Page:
The Books Briefing: The Works That Changed Our Understanding of America

Exploring the ideas that shape our national life: Your weekly guide to the best in books

A boy reads a book, with artwork for 'The Experiment' in the background
Universal History Archive / Universal Images Group / Getty / The Atlantic

A government of the people, by the people, and for the people: That was the idea behind the American experiment. But there has always been tension between the idea and the reality.

Inspired by great works of American inquiry, The Atlantic and WNYC Studios earlier this month launched a new podcast, The Experiment: stories from an unfinished country. Literary works such as a speech from Eleanor Holmes Norton, the poetry of Audre Lorde, the analysis of James Baldwin, and the speeches of Ruth Bader Ginsburg helped staff make sense of this moment in history—and the stories told in each episode. Through the life of his mother, Marylin, Vann R. Newkirk II shows how American democracy is younger, and more fragile, than we’ve been taught. Another episode explores how a loophole in the Constitution could allow someone to get away with murder in a remote area of Yellowstone National Park—and what our failure to correct it suggests about the response to the pandemic. And even our cultural disdain for sweatpants reveals something about American values, Amanda Mull argues.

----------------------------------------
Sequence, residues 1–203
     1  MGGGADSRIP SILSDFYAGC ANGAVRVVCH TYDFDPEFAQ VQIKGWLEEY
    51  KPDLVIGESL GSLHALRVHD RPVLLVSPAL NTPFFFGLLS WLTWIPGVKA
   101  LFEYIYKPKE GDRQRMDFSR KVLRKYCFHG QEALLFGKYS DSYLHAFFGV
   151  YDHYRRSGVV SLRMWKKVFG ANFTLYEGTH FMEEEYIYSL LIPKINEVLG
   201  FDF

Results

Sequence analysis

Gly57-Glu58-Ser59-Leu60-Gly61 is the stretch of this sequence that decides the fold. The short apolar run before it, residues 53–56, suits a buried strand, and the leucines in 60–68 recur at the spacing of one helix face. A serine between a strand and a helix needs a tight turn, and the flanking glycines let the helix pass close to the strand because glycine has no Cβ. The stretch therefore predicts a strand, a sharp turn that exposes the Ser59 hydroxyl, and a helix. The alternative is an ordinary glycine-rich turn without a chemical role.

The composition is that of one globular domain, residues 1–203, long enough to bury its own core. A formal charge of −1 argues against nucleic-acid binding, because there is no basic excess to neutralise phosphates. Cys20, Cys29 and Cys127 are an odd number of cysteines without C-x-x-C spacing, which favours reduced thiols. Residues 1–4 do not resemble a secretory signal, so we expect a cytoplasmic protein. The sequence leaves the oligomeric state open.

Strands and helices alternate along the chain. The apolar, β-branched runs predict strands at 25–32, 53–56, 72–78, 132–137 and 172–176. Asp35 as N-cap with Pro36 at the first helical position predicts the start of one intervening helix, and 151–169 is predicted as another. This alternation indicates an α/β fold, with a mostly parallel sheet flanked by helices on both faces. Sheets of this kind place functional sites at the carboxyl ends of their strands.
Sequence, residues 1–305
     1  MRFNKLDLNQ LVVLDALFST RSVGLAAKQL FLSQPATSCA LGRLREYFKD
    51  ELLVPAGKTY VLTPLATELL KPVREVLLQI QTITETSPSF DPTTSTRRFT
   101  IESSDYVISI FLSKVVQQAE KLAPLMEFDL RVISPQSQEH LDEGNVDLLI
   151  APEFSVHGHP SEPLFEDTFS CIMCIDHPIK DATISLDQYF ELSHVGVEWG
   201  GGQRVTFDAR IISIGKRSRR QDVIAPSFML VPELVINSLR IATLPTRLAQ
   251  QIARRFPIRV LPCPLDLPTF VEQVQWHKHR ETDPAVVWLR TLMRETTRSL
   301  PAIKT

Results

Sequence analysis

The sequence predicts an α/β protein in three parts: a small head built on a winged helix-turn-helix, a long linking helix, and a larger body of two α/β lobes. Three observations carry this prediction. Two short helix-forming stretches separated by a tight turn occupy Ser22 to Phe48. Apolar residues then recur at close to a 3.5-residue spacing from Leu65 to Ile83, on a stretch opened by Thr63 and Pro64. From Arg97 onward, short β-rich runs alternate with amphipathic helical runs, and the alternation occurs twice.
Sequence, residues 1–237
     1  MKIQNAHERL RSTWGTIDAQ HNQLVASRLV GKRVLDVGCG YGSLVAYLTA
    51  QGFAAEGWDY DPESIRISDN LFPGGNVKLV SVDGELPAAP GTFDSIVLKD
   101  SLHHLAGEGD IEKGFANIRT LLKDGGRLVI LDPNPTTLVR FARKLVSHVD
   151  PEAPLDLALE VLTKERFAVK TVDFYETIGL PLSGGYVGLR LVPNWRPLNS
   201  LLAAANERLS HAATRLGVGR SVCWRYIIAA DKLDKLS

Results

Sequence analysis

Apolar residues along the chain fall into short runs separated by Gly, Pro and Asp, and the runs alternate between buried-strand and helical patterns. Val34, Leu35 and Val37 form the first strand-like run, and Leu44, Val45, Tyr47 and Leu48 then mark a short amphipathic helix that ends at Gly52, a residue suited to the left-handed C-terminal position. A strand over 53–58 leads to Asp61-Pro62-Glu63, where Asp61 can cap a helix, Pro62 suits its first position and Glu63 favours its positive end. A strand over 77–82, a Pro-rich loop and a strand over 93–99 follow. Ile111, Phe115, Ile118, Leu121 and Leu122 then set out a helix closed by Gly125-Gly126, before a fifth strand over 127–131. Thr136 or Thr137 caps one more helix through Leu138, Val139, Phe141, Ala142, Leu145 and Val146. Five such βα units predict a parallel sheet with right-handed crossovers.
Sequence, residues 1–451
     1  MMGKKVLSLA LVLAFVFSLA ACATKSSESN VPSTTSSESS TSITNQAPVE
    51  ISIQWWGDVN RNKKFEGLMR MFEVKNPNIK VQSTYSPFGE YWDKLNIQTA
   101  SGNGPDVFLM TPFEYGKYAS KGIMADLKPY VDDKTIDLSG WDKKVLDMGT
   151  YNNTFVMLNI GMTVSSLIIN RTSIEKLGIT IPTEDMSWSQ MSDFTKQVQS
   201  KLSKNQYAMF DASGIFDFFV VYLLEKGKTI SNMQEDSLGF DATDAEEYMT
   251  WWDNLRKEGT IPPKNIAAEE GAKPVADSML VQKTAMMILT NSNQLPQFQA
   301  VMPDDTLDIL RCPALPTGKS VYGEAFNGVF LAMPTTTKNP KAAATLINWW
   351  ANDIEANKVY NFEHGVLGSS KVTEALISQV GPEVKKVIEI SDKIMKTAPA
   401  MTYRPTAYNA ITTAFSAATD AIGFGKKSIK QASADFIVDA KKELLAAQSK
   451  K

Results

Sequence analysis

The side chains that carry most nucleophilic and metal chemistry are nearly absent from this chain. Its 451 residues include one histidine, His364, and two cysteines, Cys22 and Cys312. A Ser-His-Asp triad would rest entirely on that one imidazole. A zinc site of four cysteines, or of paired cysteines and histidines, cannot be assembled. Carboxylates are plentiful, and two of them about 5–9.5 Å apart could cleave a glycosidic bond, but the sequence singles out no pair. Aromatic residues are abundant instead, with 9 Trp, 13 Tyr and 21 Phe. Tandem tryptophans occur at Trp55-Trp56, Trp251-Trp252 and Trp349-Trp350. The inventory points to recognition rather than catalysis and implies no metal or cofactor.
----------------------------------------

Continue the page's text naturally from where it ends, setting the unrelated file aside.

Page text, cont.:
To mark the launch of The Experiment, I asked our staff working on the podcast to share some of the works that have shaped their view of American life.

Every Friday in the Books Briefing, we thread together Atlantic stories on books that share similar ideas.

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What We’re Reading

Congresswoman Eleanor Holmes Norton